Simple Exercise Tips for Arthritis Patients
Approximately 350 million people around the world have some form of arthritis. The disease impacts the joints, causing recurring episodes of acute and chronic pain. To help ease this debilitating joint pain, many orthopedic surgeons in Plano, TX perform arthroplasty or joint replacement surgery, depending upon the patient’s condition. Going under the knife, however, is the last option that is suggested when every other possible treatment fails to provide relief. During the primary stages of treatment, it is essential for patients to exercise to increase joint strength and flexibility. However, when performing joint exercises, patients must avoid taxing their already stressed joints. The physicians who participate in the Texas Health Spine and Orthopedic Center referral line treat various forms of arthritis. To help avoid complications and get the maximum benefits, in this post, we list a few helpful exercising tips for arthritis patients.
1. Chose ‘Joint-friendly’ Exercises
When choosing the exercises to perform, patients must opt for activities that are easy on joints, such as walking, bicycling and water aerobics. Many doctors recommend performing muscle strengthening exercises at least twice a week as strong muscles can absorb some of the excess pressure on the joints. To avoid joint stiffness, patients also need to include flexibility exercises for the upper body (neck, shoulder, elbow, wrist, and finger) and lower body (lower back, hip, knee, ankle and toes) in their regimen. Individuals prone to falling, should perform balancing exercises such as walking backwards and Tai Chi on a regular basis.
2. Start low, Increasing the Intensity Gradually
When it comes to exercising, arthritis patients should avoid jumping the gun. To avoid overburdening their joints and muscle, they should start by walking five minutes a day. It’s important to allow the body to adjust to the new level of activity for at least 3-4 weeks before increasing the intensity. Individuals can add vigorous activities such as weight training to their exercise regime with their doctor’s consent after at least four months.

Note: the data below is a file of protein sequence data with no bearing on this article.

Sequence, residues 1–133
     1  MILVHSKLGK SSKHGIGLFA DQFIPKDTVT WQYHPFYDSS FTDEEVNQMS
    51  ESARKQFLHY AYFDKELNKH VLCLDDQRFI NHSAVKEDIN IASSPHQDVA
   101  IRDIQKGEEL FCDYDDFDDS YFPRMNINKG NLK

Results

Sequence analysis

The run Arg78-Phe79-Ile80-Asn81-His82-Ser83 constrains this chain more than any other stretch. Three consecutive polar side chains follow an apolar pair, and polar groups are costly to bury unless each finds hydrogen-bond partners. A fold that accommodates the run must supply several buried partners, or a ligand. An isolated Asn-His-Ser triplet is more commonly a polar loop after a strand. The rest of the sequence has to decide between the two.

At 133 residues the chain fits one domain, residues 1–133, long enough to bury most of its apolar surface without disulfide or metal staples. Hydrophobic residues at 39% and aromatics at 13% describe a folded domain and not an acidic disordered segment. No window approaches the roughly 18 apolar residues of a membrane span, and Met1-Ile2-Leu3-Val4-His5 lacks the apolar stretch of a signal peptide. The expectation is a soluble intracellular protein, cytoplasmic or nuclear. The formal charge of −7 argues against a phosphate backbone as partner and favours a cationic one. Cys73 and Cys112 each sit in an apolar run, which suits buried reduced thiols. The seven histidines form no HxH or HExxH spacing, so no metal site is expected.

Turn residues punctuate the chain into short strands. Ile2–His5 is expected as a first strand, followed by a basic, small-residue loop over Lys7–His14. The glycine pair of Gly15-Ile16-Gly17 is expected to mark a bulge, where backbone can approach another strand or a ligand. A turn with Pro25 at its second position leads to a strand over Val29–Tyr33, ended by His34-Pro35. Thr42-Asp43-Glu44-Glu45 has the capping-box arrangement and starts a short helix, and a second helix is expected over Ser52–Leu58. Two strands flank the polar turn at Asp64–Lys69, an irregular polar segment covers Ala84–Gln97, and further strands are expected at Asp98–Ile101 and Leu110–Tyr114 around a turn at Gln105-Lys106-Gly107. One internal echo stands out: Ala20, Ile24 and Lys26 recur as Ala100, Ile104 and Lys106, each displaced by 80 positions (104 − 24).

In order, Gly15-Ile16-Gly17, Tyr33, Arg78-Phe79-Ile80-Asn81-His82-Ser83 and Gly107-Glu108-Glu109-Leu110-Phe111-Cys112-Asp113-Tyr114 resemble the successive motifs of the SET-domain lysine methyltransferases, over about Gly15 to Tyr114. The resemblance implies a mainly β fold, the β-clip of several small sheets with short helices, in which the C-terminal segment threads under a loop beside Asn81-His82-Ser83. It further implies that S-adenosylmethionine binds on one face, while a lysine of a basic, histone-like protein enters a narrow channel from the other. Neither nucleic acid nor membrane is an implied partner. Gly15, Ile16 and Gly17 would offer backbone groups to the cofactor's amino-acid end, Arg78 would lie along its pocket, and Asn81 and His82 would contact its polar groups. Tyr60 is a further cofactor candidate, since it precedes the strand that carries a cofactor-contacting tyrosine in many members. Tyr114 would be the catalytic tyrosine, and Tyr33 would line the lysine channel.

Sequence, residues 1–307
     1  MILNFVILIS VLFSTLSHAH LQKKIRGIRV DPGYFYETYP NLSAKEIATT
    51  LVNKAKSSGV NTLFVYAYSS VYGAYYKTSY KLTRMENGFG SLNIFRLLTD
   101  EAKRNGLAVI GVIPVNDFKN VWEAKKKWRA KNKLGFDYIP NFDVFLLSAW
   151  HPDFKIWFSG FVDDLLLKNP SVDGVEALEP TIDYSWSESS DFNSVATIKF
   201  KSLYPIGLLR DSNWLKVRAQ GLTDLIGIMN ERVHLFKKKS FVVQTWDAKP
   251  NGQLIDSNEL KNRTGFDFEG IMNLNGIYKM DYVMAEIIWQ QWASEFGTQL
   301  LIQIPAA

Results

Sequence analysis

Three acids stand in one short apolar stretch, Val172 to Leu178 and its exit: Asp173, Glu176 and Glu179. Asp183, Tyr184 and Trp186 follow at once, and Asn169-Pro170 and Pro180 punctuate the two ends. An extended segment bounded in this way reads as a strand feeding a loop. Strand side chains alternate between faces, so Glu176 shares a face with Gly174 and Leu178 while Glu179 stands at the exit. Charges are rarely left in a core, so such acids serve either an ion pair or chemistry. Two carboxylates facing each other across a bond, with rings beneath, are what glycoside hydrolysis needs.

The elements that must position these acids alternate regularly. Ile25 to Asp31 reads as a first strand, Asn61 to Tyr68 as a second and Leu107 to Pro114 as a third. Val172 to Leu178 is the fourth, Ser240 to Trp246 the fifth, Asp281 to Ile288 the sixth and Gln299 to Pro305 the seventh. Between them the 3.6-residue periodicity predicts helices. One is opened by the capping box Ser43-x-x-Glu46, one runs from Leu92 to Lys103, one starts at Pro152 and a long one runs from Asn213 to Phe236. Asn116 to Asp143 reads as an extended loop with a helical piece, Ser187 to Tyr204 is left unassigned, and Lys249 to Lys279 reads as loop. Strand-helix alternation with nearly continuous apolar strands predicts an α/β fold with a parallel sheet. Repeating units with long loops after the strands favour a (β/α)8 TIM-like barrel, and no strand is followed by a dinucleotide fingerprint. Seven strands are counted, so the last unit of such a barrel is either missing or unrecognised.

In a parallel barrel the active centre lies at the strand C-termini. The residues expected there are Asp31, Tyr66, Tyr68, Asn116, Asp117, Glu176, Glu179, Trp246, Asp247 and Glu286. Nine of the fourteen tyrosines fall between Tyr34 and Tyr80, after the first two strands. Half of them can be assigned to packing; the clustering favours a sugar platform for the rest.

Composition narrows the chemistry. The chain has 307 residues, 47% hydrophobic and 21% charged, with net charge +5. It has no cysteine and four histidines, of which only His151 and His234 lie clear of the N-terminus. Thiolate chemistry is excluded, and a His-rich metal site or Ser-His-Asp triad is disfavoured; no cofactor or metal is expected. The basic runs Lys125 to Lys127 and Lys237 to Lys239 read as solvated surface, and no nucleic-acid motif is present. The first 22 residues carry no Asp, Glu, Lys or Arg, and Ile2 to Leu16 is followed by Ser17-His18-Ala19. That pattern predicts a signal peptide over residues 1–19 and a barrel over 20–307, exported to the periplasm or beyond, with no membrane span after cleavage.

3. Look for Safe Places and Ways to Exercise
For beginners, who have not been active for quite some time, safety can be a major concern when performing exercises. To avoid the risk of injuries, such individuals can join an exercise class designed for people suffering from arthritis. People who want to design their own activity schedule should make sure their surroundings are safe before starting to exercise. For example, if they want to take a walk in the community park, they should make sure the sidewalks are wide, level, clutter-free and away from heavy traffic.
4. Apply Heat before Starting and Ice Afterward
Applying heat before starting to exercise can relax joints and muscles and help relieve pain. To avoid inflammation, patients can apply warm towels or hot packs for 20 minutes before starting to exercise. To avoid stressing the joints and muscles, they can also apply ice packs for up to 20 minutes after exercising, especially after activities that can cause joint swelling.
5. Learn Ways to Manage Stiffness and Pain
It is normal for arthritis patients to experience soreness and pain in and around the muscles and joints in the first 4-6 weeks of starting an exercise program. To manage pain during this period, they must reduce the frequency or duration of exercise until the pain subsides. To reduce the impact on the joints, they can swap their current exercise with an activity that does not stresses the joints. Patients should wear comfortable shoes and perform warm-up and cool down activities before and after exercising. Individuals should contact their doctor immediately if:
- They experience constant, sharp and stabbing pain
- Acute pain makes it impossible for them to walk properly
- They experience abnormal swelling
- Pain does not subside even after proper rest, medication and applying ice packs
Rise! Don’t Let Arthritis Pin You Down
Following a dedicated exercise regime is a highly suggested for patients suffering from arthritis. That said, overstressing their joints can do more good than bad. Patients should consult their therapist or doctor before starting with any new exercise program. If you are suffering from arthritis pain call us, we can help you find a reputable orthopedic doctor in Plano, TX. We are a referral center that can connect you with qualified orthopedic surgeons and physicians in Plano, TX. Visit our website or simply call 1-888-608-4762.
Physicians who are members of the referral program practice independently and are not employees or agents of Texas Health Spine and Orthopedic.